Fast, painless way of detecting skin cancer

Dr Eileen Tan, dermatologist with Mount Elizabeth Novena Hospital.
Dr Eileen Tan, dermatologist with Mount Elizabeth Novena Hospital. PHOTO: DR EILEEN TAN

Getting tested for skin cancer used to mean a painful biopsy, followed by a long, anxious wait for the results.

But doctors at the National Skin Centre (NSC) are now able to tell if someone has the disease simply by looking at his skin through a special machine.

Unlike a biopsy, no stitches are needed and a diagnosis can be made in as little as five minutes.

In the past, said Associate Professor Steven Thng, patients would come in for a consultation and then be given an appointment for a biopsy several weeks later.

After the biopsy, which involves cutting off a piece of skin for examination under a microscope, they would have to wait another one or two weeks for the results.

The new machine saves patients the scarring and cost of a biopsy, said Prof Thng, a senior consultant at NSC. "Most of all, it saves (them) the stress of waiting for the results."

A biopsy can cost about $300. The new technique has been free so far because of research funding, but there are plans to charge for it, at a price yet to be determined.

The machine uses confocal imaging technology, which allows doctors to see in 95 per cent of cases whether someone has cancer. Some people can even go under the knife to have the cancer removed on the spot.

The centre began trying out the technology in December 2014, and started offering it as a full-fledged service six months later.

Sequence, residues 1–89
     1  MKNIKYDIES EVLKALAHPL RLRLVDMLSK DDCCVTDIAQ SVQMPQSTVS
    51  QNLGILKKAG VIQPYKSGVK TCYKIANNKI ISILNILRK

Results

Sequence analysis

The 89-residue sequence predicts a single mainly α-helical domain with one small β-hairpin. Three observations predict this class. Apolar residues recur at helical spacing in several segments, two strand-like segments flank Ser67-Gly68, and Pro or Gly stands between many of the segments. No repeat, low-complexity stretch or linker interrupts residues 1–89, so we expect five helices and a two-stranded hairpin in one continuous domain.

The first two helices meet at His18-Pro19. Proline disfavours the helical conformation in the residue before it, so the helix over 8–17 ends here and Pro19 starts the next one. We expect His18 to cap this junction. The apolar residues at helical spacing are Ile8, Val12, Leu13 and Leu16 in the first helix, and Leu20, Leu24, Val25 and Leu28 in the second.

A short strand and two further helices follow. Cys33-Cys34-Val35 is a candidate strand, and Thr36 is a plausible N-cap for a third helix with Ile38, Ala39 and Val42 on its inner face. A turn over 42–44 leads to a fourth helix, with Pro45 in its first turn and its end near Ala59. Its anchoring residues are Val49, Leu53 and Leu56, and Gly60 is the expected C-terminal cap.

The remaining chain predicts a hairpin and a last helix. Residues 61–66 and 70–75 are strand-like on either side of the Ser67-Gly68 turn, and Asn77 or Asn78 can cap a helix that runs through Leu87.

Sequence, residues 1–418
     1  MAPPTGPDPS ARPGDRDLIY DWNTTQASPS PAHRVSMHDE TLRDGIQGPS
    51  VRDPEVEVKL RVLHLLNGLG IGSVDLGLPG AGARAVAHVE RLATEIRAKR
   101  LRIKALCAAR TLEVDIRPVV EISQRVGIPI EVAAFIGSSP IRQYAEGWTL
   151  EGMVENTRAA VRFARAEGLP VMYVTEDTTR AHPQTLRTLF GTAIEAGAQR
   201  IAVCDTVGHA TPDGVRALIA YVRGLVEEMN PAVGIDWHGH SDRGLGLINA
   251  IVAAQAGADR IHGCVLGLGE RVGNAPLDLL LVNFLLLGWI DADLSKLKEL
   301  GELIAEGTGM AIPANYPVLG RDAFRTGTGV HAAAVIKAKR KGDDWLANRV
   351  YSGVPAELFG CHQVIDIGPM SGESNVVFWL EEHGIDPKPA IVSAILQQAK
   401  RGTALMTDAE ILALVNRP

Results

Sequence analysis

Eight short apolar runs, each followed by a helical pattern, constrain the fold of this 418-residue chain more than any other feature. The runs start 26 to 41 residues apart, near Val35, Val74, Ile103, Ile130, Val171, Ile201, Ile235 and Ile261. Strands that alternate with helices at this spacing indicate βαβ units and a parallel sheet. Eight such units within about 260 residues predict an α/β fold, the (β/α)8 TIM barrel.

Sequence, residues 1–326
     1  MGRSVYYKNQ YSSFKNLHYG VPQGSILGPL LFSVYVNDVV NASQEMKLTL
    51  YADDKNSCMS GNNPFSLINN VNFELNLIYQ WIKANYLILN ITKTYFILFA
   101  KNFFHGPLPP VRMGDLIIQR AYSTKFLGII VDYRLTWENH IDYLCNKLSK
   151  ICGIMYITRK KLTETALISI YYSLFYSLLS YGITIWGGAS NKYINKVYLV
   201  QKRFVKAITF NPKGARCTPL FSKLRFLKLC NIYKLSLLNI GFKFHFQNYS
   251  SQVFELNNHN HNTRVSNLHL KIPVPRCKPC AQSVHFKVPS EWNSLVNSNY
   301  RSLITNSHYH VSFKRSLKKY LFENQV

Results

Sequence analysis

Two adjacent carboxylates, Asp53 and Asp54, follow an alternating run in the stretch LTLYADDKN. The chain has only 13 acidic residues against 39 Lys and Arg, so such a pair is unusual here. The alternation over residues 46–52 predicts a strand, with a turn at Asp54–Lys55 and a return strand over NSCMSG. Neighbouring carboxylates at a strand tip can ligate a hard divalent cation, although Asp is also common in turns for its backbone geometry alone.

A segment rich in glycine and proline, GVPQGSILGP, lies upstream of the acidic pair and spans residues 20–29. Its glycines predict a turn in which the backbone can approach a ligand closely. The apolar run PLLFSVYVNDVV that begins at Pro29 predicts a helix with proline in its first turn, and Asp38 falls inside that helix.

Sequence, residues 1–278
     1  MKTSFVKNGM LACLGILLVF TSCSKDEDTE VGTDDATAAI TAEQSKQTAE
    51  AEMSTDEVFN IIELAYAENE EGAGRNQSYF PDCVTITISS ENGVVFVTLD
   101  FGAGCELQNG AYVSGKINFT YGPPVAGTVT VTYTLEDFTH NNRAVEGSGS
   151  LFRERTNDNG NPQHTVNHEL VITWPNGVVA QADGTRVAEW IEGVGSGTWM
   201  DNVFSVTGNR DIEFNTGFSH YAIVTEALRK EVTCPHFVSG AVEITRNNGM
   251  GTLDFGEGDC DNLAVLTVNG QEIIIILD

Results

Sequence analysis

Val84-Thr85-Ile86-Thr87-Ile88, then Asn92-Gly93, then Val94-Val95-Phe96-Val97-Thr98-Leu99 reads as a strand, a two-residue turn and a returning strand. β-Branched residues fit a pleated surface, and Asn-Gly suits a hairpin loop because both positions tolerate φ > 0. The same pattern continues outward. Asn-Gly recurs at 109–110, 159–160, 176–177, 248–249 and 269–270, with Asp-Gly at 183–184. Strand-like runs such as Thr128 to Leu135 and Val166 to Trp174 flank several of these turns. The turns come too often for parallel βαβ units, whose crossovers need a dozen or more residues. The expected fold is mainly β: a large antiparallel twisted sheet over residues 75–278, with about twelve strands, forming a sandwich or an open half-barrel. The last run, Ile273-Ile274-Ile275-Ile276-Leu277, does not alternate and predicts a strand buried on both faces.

Skin cancer is among the top 10 cancers for men and women in Singapore, with 3,089 new cases reported between 2010 and 2014.

It is far more common among fairer-skinned Chinese, barely making it to the list of common cancers for Malays, and not appearing at all on the list of top 10 cancers among Indians.

Dermatologist Eileen Tan from Mount Elizabeth Novena Hospital said skin cancer rates are about three times higher in Chinese people than in Malays and Indians. This is because people who are darker have more skin pigment, which offers natural protection against ultraviolet (UV) rays.

The most common subtype of skin cancer here is basal cell carcinoma, followed by squamous cell carcinoma. Melanoma, which is the most deadly because of how quickly it can spread, is more common in the West but rare in Singapore.

Prof Thng said the good thing about skin cancer, compared with other cancers, is that it is generally very visible, making it easy for doctors to pick up.

Although skin cancer is on the top 10 list of frequently occurring cancers, it is not on the list of cancers with the highest mortality rates.

Dr Tan said skin cancer rates have been on the rise, as there were only 1,813 cases between 2003 and 2007. This spike could be partly due to our ageing population, she said, as skin cancer can take decades to develop and surface. It could also be a result of too much exposure to the sun.

"The hypothesis is mainly excessive exposure to harmful UV rays from the sun, increased indoor tanning, and lack of regular sun protection," she said.


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A version of this article appeared in the print edition of The Straits Times on November 02, 2016, with the headline 'Fast, painless way of detecting skin cancer'. Print Edition | Subscribe